To what extent does climate influence ecosystem productivity. June 2015
Ecosystem productivity is the rate of energy production or rate of creation of organic matter per unit area and time. It is measure in grams or kilocalories per year. It should be noted that productivity is a reflection of Biomass. That is, the higher the Biomass, the higher the productivity and vice versa. It should be noted that production measures rate while Biomass measures the total weight or mass of living organisms.
Basically there are two types of productivity namely, Primary productivity and secondary productivity.
Primary productivity is the rate at which green plants or primary producers create organic matter per unit area and time. This is usually achieved during photosynthesis, were green plants fix and convert energy. There exist two types of primary productivity; Gross primary productivity and Net primary productivity.Gross primary productivity is the total amount f energy created by green plants during photosysnthensis.
Net primary productivity is the amount of energy that is left oer, after losses through the respiration of plants.
GPP - RESPIRATION= NPP
Secondary productivity is the amount of energy converted into living matter by animals, (consumers or heterotrophic organisms).
The variations in the rate of ecosystems productivities are due to a number of factors which work in combination, rather that isolation. Such factors include climatic elements (sunlight, precipitation, temperature), Variations in nutrients supply and size of photosynthetic surface.
Climate is a dominat factor in the production of ecosystems due to its provisions of sunlight, precipitation, temperature as can be examined below.
The amount of intensity and duration of sunlight provided to the area influences productivity either high or low. This because sunlight is necessary during photosysnthesis, and it is during this process that ecosystem are most productive.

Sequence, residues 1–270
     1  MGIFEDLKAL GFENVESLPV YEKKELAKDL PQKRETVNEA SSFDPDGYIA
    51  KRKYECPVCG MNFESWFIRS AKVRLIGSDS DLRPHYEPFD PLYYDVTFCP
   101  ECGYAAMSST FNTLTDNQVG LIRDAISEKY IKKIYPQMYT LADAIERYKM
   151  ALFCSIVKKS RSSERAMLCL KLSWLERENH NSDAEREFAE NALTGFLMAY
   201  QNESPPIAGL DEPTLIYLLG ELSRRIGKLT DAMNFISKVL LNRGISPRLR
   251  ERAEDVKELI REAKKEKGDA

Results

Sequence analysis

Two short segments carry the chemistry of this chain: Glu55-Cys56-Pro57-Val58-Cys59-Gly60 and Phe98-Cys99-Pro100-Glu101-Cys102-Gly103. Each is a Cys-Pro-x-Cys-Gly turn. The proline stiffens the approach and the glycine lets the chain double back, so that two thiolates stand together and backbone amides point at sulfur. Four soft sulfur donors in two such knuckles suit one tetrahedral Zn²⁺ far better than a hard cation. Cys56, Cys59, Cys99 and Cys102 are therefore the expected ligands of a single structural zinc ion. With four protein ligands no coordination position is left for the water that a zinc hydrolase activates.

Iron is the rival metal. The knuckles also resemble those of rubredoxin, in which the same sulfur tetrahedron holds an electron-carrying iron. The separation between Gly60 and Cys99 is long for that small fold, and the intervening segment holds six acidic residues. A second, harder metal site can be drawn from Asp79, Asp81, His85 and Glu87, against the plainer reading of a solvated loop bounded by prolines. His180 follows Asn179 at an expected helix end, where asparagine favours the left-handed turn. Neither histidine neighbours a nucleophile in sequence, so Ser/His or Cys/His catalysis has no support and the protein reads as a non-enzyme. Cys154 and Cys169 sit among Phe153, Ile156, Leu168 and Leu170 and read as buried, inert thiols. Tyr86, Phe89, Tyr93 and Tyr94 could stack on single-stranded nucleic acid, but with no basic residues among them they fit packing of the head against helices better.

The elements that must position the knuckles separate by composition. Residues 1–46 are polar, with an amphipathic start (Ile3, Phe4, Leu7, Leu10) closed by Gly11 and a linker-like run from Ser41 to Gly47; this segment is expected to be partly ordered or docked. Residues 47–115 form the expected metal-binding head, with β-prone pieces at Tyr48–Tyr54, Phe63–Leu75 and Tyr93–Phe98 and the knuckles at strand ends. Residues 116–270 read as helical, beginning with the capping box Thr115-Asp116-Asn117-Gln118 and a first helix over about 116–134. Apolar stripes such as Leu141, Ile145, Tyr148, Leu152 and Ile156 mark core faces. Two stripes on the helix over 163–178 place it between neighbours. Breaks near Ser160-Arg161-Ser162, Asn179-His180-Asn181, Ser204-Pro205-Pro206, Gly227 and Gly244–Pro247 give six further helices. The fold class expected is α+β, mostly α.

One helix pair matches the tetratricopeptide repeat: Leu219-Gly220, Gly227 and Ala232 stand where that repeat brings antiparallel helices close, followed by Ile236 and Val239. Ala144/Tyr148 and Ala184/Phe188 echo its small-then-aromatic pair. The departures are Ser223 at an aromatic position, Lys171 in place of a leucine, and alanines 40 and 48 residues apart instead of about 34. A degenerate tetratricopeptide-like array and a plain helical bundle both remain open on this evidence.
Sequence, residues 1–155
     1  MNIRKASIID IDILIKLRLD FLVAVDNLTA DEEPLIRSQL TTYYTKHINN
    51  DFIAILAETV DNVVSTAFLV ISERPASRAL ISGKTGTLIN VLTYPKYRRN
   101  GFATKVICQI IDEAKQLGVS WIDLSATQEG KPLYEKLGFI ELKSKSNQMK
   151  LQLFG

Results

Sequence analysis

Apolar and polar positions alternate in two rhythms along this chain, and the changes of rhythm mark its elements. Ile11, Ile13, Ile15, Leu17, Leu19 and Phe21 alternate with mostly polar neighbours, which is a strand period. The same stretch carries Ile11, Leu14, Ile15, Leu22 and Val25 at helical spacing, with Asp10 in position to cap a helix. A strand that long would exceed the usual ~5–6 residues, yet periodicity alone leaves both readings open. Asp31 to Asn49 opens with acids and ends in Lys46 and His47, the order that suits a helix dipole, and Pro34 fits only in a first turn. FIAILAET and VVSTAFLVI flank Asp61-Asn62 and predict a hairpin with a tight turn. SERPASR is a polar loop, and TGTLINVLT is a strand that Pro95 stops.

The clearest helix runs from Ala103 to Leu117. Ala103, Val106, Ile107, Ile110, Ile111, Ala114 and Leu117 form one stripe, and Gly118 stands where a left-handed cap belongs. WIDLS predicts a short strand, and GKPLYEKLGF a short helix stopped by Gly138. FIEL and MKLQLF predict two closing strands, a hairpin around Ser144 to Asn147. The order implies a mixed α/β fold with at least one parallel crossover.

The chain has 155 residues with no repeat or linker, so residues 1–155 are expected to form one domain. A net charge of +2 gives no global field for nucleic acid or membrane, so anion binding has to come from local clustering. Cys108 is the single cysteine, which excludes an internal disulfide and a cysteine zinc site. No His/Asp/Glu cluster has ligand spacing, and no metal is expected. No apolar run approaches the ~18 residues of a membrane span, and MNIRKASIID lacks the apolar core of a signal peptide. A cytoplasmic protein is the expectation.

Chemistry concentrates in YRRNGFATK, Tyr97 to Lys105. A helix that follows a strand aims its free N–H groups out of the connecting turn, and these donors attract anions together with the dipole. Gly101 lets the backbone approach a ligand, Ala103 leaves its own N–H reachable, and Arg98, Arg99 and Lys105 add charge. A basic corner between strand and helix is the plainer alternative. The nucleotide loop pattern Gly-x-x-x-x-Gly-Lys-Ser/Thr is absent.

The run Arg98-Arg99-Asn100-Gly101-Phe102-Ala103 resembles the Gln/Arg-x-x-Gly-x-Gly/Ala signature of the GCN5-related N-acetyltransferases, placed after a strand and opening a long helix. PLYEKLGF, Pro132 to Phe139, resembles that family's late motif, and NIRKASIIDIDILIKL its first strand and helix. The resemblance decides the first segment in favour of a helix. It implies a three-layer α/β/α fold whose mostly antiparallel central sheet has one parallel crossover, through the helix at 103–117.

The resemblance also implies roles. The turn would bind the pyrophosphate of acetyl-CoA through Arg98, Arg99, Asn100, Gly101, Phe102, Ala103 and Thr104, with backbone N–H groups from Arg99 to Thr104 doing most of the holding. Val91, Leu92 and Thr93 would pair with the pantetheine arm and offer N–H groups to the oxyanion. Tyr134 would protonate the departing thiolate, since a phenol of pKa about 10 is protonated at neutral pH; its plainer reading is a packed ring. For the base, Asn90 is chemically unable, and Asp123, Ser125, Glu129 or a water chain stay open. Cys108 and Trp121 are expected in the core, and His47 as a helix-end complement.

Equatorial areas have greater and higher intensity of solar radiations ans these significantly declines towards the poles. sun's rays fall vertically on a smaller area and less reflected, and absorbed by atmospheric impurities in equatorial areas, and days are longer than night during summers.
Conversly with increasing latitudes towards the poles sunlight intensities and durations varies greatly The rays of sun fall horizontally on a longer surface after travelling for a longer distance. Light durations are shorter espcially during winters with shorter days and longer nights.
How ever it should be noted that, though sunlight leads to higher productivity; it is not the case in all ecosystems reason being that, solar radiation works in combination with other factors like water and vegetation which are ideal conditions for photosynthesis.
This is another factor of ecosystem productivity as it is a condition for primary productivity because it stimulates photosynthesis.
Precipitation as a climatic element determines moisture availability and also a medium of nutrients movement in plants necessary for production of organic matter. The Selva or tropical rain forest ecosystem with high rain fall of 2500mm, increases soil moisture content and soil moisture budget surplus.
Deserts with low precipitation of 250mm/ year have low productivity irrespective of high sunshin intensity. The polar and Tundra regions have low rainfall and is even in the form of snow or frozen soil retards bacteria action and photosynthesis.
It should be noted that moisture works in combination with other factors. This is because aquatic ecosystem have the greates moisture of all but low NPP because of low nutrients content and inadequate surfaces for photosynthesis.
The size of the photosynthesis surface also influences productivity of ecosystems. Grasslands hve low productivities than forest with high rates of productivities. This is a reflection on the size and amount of photosynthetic surface exposed to sunlight for photosynthesis
The rate of cycling and the amount of nutrient supply. This is a major factor that affects the productivities of ecosystems. The supply of nutrients varies from place to place as a result of variations in climatic conditions. The rainforest with humid equatorial climate characterized by high rainfall of 2500mm, high temperature of 28° C, favor deep chemical weathering which releases enough nutrients to the soil.